Texas Offense: Any Sign of Greatness?

Every great offensive team displays certain tendencies of things it can do with relative effectiveness, Texas Offensive Coordinator Greg Davis believes. It begs the question: with the heart of the schedule looming in October, what trends can be detected from the 2006 Longhorn offense?

(Assuming, of course, that this is -- or, can be -- a great offense).

"You always try to do something that's a little bit different, especially early in the year," Davis said. "Then you take your tendencies and bring them properly. All great offenses have great tendencies. Those are the things you're looking for, especially as you get four or five weeks into the season."

In Davis' perfect world, the Horns would look for single-game totals of 250 yards rushing and 250 yards passing, indicative of a general balance in the play selection between running and passing attempts. Head coach Mack Brown, meanwhile, has made no secret of his penchant for big, powerful backs who can run up the gut, in part, because Brown believes the ability to effectively attack the middle is indicative a team's toughness.

The emphases in the early going -- with new QBs -- has been a tailback-by-committee approach in which Texas is running the ball 63 percent of the time. The Horns have 158 rushing attempts, compared to 93 passes, through four weeks of football. The ground game is averaging 226.75 yards of real estate each contest (No. 8 nationally) and put up respectable rushing totals against top-ranked Ohio State (172 net yards on 31 attempts, 5.5 ypc). By comparison, Texas ran the ball 68.5 percent of the time (187 rushes in 273 plays) through the first four games of last season.

During the preseason, pigskin pundits predicted a trend toward a power running game at Texas during the post-Vince Young era. The early trend has been toward a horizontal rushing attack from a one-back, spread offense in which the ball-carriers run sideline-to-sideline, waiting for the lanes to emerge in the zone blocking scheme. There's good, bad and (potentially) ugly in this. From the press box Saturday, RB Jamaal Charles five-yard TD run was a thing a beauty as he patiently followed his blocking, picking his spots and darting into the end zone. Charles would later lose four yards when he ran out of real estate and tried to loop back against the pursuit. There is some question if RB Selvin Young has the explosiveness to turn the corner, or, even with Charles-in-charge, if the east-west attack is going to pan out against some of the formidable defensive fronts that Texas faces in October.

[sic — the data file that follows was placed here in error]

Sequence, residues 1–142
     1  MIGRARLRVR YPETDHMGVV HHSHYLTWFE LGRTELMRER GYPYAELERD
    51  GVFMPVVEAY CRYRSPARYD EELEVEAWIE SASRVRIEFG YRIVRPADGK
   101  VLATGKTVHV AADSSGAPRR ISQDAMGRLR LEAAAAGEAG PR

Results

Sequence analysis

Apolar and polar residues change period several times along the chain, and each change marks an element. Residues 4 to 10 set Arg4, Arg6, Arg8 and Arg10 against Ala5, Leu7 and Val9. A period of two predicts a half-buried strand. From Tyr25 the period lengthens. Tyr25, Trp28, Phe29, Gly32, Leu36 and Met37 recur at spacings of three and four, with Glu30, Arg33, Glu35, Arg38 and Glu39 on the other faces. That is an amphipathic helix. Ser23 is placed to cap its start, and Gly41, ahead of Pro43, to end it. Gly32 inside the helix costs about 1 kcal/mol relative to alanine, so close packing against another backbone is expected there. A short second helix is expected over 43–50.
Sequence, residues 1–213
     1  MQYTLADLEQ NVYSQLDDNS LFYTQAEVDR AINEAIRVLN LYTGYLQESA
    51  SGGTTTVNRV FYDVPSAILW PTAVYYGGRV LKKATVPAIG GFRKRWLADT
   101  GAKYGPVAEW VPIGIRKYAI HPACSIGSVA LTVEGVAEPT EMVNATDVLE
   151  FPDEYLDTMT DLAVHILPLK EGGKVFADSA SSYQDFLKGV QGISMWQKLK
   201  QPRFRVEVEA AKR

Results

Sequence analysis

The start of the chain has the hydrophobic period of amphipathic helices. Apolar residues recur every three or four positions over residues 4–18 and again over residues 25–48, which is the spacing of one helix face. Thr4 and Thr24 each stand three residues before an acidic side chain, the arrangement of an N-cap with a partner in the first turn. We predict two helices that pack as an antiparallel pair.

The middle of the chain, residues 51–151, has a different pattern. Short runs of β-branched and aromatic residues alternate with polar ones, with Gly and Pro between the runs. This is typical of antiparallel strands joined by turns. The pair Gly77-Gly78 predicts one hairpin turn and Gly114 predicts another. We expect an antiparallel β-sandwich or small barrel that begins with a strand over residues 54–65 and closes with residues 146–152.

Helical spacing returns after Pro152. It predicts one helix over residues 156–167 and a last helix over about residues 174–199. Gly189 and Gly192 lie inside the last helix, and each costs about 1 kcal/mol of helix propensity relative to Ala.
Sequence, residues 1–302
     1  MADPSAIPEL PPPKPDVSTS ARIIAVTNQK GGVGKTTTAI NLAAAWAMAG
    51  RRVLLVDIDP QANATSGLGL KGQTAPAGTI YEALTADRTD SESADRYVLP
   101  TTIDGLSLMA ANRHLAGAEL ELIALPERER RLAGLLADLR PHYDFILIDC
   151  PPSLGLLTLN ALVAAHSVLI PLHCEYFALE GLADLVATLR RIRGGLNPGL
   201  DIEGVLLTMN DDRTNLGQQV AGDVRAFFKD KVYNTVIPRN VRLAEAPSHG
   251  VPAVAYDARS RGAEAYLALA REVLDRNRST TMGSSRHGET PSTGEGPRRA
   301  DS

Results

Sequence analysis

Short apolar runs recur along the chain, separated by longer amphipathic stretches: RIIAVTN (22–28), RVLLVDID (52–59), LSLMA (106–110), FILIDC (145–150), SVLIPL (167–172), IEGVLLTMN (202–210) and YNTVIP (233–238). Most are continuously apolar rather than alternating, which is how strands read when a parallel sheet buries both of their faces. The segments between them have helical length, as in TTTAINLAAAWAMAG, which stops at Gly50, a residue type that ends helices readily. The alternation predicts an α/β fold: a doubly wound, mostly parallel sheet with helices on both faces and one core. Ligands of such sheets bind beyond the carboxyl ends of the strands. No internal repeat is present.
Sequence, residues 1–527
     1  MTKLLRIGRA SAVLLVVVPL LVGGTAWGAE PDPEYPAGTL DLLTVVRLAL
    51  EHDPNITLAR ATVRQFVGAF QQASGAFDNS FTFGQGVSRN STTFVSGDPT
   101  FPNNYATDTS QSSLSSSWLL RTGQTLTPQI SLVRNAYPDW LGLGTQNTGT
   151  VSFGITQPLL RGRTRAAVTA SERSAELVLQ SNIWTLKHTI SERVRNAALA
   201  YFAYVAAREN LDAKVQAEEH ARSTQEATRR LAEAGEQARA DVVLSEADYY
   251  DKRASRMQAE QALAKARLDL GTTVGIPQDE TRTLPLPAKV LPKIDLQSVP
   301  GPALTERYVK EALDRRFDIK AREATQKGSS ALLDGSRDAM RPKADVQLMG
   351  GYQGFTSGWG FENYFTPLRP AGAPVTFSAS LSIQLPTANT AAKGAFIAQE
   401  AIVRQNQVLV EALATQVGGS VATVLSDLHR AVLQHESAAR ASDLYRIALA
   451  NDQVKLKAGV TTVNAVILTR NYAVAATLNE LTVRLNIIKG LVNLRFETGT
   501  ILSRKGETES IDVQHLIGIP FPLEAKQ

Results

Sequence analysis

Earlier this week, Davis was asked why he has opted not to attack the middle more often, given Texas' outstanding offensive line and stable of talented running backs. It was a good question, Davis admitted.

"The way people are playing the zone is that they're really trying to stretch the zone," Davis replied. "It's especially that way early in the game. Everybody plays it a little bit different. Some people try to disrupt it by big-time running, trying to keep the ball going wide. As the (Iowa State) game went on, we got the ball back up inside more. We're discussing some things about a little bit more of a down hill (running game)."

Part of that discussion includes the realization that, although the zone read will remain in the arsenal, it may not be Texas' featured play. There is also the likelihood that Texas will operate from under center a little more than it has up to this point. Excluding goal line situations, Texas has used the shotgun at least 90 percent of the time this season, Davis estimates. The Horns operated from the 'gun 79 percent of the time during the national championship season.

"Right now, we're much more 'gun than even when we ended the season last year. Before it's all said and done, the numbers will probably even back out".

Texas will likely operate from under center between 20-22 percent of the time by year's end, Davis believes. Neither of the freshman QBs operated under center during their prep star careers.

"Getting under center doesn't mean we go to two backs," Davis said. "We can get under center with two tight ends, and we can get under center with three wide receivers. (Being under center) gives you the ability to go downhill quicker. You can still run the zone from underneath center."

The Horns are averaging 190.2 ypg passing (NCAA No. 62), and a consistent vertical attack (presumably remains on Davis' things-to-do list. In the early going, RS-freshman QB Colt McCoy has been given a steady diet of high-percentage, intermediate routes. This week, McCoy is rated No. 11 nationally in passing efficiency (including 56-of-82 passing for 668 yards, 8 TDs and 1 INT). He accounts for 167 passing ypg (NCAA No. 66) and 11.93 yards-per-completion (No. 63).

Davis has long maintained that he prefers to go deep at least once or twice per quarter. This season, many of the passing attempts have basically functioned as runs. Bubble screens, hitches and lateral tosses down the LOS have been a staple in the passing game. Longhorn receivers are currently average 8.2 yards-per-catch while averaging 14.2 yards-per-catch through the first four games in 2005.

Bottom line: Texas is averaging 417 ypg (No. 23) and 38 ppg (No. 10) against one really great team, one pretty good team and two pretty poor teams. The play calling indicates a weaning process for a freshman QB who, though poised and accurate, has a fairly soft arm with a tendency to put some air under the deep ball. This type of playcalling, however, gets real dicey when Texas faces defenses with the kind of closing speed that Oklahoma typically has, not to mentioned improved defenses in consecutive road games at Nebraska and Texas Tech.


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